Gus Powell, Gathering Kindling, Green-Wood, 2016. Courtesy Sasha Wolf Projects, New York, and MiCamera Gallery, Milan

Gus Powell, Donut Fort No.1, 2015. Courtesy Sasha Wolf Projects, New York, and MiCamera Gallery, Milan

Gus Powell, Low Tide, 2015. Courtesy Sasha Wolf Projects, New York, and MiCamera Gallery, Milan

Gus Powell, April Third, 2015. Courtesy Sasha Wolf Projects, New York, and MiCamera Gallery, Milan

Gus Powell, Good Swings No. 2, 2015. Courtesy Sasha Wolf Projects, New York, and MiCamera Gallery, Milan

Gus Powell, Waiting To Go, 2015. Courtesy Sasha Wolf Projects, New York, and MiCamera Gallery, Milan

Gus Powell, Morning Ballet, 2015. Courtesy Sasha Wolf Projects, New York, and MiCamera Gallery, Milan

Portfolio

Gus Powell

With his most recent pictures, Gus Powell has abandoned the role of photographer as flaneur. While his previous photographs reflected an open-ended look at the world around him, these are close up and personal. His earlier pictures have been described as recordings of private moments in public places, but his new images are deeply private. They reflect on a time in his life when the pain of witnessing his sick father diminish and the joy of watching his beautiful daughters grow intersected. As one life exits, a new generation takes its place.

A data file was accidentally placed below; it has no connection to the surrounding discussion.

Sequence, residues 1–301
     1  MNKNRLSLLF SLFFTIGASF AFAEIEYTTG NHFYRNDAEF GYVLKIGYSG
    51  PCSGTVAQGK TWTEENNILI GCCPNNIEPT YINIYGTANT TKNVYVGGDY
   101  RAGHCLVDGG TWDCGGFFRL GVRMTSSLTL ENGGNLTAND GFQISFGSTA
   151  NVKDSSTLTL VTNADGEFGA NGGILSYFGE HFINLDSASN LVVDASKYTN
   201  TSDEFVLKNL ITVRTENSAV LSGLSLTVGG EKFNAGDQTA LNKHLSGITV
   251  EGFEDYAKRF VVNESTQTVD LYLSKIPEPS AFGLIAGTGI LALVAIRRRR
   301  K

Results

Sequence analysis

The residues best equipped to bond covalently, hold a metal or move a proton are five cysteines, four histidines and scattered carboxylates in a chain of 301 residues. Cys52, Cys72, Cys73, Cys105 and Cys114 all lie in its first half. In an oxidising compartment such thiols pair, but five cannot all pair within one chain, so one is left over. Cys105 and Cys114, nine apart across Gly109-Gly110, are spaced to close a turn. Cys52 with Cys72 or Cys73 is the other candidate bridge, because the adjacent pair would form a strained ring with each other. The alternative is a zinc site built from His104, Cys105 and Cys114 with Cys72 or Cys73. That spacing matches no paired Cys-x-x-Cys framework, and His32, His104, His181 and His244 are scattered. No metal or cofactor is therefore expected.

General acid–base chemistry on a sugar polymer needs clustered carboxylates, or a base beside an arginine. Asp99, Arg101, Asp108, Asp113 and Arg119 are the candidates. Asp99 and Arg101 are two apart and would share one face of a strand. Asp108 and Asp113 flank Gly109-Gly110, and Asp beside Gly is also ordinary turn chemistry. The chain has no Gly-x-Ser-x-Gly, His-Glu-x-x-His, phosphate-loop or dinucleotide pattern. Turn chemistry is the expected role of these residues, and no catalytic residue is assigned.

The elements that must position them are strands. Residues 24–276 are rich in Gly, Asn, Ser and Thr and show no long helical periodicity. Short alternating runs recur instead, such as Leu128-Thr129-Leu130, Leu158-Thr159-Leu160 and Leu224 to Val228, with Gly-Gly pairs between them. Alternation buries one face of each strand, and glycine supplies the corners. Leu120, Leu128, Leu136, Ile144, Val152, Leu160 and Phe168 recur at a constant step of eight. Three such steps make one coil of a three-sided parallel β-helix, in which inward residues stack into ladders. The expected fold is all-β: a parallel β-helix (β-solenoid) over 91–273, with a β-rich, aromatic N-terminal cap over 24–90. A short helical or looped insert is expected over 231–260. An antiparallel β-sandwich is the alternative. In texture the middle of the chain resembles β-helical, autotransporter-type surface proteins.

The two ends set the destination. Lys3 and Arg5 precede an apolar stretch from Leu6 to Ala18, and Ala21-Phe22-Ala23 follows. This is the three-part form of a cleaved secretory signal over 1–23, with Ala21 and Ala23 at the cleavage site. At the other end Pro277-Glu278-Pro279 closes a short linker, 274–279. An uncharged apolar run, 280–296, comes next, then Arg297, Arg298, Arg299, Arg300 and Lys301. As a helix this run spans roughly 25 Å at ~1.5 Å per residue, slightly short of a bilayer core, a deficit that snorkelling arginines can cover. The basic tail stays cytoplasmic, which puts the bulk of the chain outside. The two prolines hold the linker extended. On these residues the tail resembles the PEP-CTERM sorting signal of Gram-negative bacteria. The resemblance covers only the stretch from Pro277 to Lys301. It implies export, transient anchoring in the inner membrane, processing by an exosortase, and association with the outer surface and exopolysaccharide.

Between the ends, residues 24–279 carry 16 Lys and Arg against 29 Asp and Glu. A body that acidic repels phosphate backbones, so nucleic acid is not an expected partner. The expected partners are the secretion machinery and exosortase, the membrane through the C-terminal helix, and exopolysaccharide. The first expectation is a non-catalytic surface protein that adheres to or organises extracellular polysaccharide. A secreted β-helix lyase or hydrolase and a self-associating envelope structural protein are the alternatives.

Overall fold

Powell’s pictures gently chronicle his father’s painful death from cancer, telling a story of love and loss. In counterpoint to images of his father’s ebbing life are photos of his young daughters. It is hard not to be seduced by the quirky images of his girls, who joyfully inhabit his photographs. The images do not conform to classical composition rules. Empty spaces push the action to the periphery – in his beach picture, for example, where the girls and their mother are at the edge of the frame and the center fades away. They are charming, rather than cute. The third group of photographs is of the family car. Often breaking down, the Volvo carries the family to happy and sad places, physically and symbolically.

Powell is inspired by cinema and Family Car Trouble unfolds like an intimate, realistic film by French director Maurice Pialat. Powell tells a tale of life as it happens, poetically interwoven, stylistically cohesive. His pictures are close to the bone; there are no photographs of him, but he is, nevertheless, present throughout.